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Strong import demand, combined with ample supplies held by major exporting countries, is expected to boost world rice trade in 2014 by 7 percent to a 39.7 million tonne record. Imports are predicted to increase in all major geographical regions, especially Asia, where important buyers, such as Bangladesh, Indonesia, the Philippines and Sri Lanka, face the need to reconstitute reserves and to lower food inflation. Among exporters, Thailand is expected to meet much of the trade expansion, largely at the expense of India, which, nonetheless, may retain its position as the prime exporter. The return of competitively priced Thai supplies is also envisaged to negatively impact deliveries by Viet Nam. Australia, China (Mainland), Ecuador, the United States, the Russian Federation and Uruguay are also forecast to export less in 2014.
Despite the disappointing 2014 production outlooks, world rice trade in 2015 is currently forecast to be only 0.7 percent higher year-on-year, at about 40 million tonnes. Indeed, while the relatively poor results of the season would require several countries to step up imports in calendar 2015, part of the production shortfalls is likely to be filled by drawing supplies from national reserves. African countries, especially Cote D’Ivoire, Nigeria and Senegal, would contribute most to the increase in world imports. Although purchases by Asian nations are anticipated to stay high, amid output setbacks and lingering pressure on domestic prices, they may retreat somewhat compared with 2014, on reduced demand by Indonesia, the Philippines and Sri Lanka. In Latin America and the Caribbean, weather induced losses are expected to keep demand firm, which would contrast with import cuts in North America, namely the United States, and largely stable requirements in Europe. Among exporters, Thailand is predicted to expand deliveries further in 2015, re-establishing its position as the world’s leading supplier of rice. Shipments from Australia, Cambodia, China (Mainland), Myanmar, Pakistan, the United States and Viet Nam are also anticipated to end above their 2014 levels. On the other hand, the poor 2014 production performance and larger domestic requirements may curb exports by India further over the course of 2015.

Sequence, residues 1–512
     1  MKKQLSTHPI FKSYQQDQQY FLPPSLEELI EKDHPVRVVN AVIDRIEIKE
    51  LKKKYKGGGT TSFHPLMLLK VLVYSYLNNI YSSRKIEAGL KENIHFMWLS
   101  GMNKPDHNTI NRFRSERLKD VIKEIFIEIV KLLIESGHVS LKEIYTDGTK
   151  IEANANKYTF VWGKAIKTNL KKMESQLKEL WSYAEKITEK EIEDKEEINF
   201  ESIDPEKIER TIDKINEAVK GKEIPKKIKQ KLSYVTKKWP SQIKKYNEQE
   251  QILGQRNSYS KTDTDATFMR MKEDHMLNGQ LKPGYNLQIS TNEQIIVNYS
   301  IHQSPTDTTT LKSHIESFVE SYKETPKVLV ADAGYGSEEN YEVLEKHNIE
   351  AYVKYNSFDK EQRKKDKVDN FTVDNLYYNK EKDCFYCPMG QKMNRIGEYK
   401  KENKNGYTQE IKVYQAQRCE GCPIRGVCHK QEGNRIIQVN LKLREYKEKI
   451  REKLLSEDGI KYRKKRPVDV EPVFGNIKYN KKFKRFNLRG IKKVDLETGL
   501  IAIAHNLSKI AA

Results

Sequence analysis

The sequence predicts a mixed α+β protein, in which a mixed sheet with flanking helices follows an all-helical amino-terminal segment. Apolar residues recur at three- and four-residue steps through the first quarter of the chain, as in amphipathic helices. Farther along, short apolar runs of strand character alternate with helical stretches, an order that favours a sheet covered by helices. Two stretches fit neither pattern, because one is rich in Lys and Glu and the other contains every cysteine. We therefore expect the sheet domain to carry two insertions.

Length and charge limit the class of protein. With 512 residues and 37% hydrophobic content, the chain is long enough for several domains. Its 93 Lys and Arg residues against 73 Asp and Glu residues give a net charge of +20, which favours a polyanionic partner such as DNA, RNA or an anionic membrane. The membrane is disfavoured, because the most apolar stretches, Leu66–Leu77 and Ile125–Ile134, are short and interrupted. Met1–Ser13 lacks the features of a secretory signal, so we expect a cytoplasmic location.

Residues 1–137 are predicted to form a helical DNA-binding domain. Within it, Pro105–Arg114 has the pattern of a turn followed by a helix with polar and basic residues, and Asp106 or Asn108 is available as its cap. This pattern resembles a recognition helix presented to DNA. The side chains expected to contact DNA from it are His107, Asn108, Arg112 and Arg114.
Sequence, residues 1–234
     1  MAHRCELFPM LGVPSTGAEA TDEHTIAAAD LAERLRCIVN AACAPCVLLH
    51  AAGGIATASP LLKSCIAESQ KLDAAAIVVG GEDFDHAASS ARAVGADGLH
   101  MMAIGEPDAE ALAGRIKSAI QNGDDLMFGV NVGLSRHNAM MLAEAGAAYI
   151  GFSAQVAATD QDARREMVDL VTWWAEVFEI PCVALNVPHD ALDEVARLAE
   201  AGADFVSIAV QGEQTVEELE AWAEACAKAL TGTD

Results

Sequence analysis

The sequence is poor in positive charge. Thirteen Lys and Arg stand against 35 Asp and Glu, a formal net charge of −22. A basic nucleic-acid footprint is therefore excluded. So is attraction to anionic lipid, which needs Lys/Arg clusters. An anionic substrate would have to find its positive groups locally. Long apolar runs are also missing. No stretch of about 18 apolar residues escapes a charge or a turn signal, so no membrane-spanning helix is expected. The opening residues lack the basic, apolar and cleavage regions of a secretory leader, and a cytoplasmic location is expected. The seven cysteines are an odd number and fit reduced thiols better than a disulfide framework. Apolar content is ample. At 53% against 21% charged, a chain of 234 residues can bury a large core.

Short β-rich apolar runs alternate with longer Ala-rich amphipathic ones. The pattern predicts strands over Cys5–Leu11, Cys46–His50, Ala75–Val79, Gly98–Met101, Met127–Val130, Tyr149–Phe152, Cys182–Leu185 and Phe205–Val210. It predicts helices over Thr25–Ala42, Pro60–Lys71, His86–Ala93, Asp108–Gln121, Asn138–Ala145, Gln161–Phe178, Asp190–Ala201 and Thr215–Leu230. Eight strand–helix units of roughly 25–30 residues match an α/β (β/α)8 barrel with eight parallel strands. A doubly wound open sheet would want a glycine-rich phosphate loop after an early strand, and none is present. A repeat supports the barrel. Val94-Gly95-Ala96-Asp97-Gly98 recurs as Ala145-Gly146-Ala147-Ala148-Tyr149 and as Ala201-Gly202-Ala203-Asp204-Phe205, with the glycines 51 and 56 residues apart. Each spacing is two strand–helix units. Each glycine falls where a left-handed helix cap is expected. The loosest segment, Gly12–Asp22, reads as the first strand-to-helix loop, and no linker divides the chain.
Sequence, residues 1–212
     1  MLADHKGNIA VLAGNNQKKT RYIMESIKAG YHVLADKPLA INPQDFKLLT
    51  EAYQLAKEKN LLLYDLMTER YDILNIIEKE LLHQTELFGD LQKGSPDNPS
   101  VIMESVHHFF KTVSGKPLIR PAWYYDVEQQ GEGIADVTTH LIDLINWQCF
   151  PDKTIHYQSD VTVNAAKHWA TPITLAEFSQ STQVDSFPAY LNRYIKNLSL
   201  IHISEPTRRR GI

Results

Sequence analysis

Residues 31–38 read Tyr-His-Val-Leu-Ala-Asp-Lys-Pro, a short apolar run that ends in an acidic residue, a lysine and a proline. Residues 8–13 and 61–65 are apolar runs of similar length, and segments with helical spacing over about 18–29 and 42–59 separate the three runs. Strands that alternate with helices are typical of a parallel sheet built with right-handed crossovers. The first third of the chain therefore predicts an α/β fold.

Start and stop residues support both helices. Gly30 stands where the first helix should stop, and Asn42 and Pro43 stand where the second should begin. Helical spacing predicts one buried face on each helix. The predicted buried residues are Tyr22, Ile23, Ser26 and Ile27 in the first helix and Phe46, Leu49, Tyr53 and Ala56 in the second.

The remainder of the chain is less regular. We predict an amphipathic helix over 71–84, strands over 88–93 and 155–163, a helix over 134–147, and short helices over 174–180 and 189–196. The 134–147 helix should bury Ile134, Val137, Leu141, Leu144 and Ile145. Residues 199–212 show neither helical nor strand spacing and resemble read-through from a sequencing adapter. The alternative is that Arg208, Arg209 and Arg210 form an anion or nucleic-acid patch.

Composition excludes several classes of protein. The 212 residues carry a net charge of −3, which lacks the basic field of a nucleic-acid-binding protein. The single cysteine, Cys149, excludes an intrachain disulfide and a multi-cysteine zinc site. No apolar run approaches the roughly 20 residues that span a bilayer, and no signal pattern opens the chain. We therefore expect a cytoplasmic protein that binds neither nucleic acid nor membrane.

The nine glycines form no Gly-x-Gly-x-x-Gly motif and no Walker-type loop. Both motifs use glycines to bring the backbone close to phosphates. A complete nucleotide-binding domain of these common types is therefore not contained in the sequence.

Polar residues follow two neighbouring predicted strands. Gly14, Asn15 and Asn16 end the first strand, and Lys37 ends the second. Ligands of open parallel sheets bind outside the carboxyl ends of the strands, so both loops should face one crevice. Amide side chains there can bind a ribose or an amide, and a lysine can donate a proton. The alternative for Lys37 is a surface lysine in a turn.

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FAO has lowered its forecast of world rice utilization in 2014/15 by 2.0 million tonnes to 500.3 million tonnes (milled basis). Nonetheless, the revised figure continues to suggest a 1.7 percent expansion in global rice utilization, largely on account of a 5.2 million tonne increase in world food use, which would support a small gain on a per caput basis to 57.5 kg in 2014/15. Quantities destined to seed, non-industrial uses and post-harvest losses are also set to rise.